Phil Hall’s recent The History Of Independent Cinema is a captivating look at the world of film from a different perspective than is customary. For those who may think of independent film’s “early days” as John Water’s Pink Flamingos, or even those by Andy Warhol, this book may come as a bit of a surprise.
The History Of Independent Cinema traces the origins of the art form all the back to the very first films ever produced. In fact, the semantics get a little tricky, because all films were by definition independent before the rise of the major studios.
Hall does an excellent job of describing the politics, and basic chicanery inherent in the rise of the big studios. Ruthless actions have been a hallmark of Hollywood since the very beginning. The first half of the book is a somewhat heroic story of autonomous underdogs trying to hold their own against a monopolistic system.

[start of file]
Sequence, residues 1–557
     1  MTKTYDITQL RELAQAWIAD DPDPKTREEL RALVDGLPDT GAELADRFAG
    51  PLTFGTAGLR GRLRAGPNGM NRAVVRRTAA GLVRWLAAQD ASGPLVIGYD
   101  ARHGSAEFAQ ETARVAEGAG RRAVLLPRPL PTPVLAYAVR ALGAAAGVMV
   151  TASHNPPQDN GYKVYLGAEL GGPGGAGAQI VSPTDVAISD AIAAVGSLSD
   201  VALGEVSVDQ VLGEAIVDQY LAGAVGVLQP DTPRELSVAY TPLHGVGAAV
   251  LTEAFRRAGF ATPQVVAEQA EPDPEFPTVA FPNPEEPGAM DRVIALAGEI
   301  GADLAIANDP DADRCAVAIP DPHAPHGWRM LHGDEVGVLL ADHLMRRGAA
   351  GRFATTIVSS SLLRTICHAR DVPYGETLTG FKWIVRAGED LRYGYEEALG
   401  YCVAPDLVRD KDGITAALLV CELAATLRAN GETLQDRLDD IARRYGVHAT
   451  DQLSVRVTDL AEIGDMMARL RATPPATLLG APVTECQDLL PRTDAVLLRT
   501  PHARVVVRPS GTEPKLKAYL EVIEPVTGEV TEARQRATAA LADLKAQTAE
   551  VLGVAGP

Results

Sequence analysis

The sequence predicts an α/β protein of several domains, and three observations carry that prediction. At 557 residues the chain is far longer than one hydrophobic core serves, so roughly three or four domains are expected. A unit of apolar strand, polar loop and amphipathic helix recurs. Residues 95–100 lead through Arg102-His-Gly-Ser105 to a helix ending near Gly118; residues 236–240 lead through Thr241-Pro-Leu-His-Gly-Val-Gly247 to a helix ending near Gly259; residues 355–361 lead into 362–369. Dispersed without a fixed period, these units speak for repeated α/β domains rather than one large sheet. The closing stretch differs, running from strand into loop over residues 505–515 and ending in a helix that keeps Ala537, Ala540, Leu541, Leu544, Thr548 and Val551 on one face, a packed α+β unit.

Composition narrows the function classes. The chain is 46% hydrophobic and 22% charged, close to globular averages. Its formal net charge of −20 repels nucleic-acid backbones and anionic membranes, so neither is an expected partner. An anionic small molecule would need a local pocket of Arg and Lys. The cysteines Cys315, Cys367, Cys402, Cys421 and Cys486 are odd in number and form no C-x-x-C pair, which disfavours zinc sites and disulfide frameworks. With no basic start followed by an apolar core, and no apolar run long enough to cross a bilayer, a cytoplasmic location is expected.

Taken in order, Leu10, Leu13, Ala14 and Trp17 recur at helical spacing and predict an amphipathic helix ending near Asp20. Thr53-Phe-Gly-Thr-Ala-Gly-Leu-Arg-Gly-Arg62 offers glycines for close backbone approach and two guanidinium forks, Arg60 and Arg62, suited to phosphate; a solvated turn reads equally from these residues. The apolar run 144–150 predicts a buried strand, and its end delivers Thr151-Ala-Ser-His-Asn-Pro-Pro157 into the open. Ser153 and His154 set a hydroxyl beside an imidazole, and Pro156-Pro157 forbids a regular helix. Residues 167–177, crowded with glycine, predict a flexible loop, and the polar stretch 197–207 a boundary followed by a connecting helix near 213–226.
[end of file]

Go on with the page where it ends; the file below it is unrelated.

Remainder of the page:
As a contributing editor to Film Threat magazine, author Phil Hall certainly knows his stuff. This book is filled with titles I had never heard of before, along with brief descriptions which encourage me to check many of them out. Films such as Nanook Of The North (1922), or Meshes Of The Afternoon (1942) sound fascinating, as does Carnival Of Souls (1962).
One of the more intriguing aspects of the book are the various “10 Most Important Independent Films Of All Time” sections. Hall has solicited seven of his peers to contribute their choices, with notes. Each entry follows a chapter. The various lists make for an interesting comparison.
It is probably unsurprising that the lists contain many well-known and recent titles in the genre. Reservoir Dogs, Night Of The Living Dead, and Easy Rider all make numerous appearances. And while they are all great, I think the real value in this book is in the more obscure titles you may find.
In any event, The History Of Independent Cinema is a story of a different Hollywood than the one we usually hear about. It is a riveting tale and a reminder that there is almost always something exciting bubbling just under the surface of the mainstream.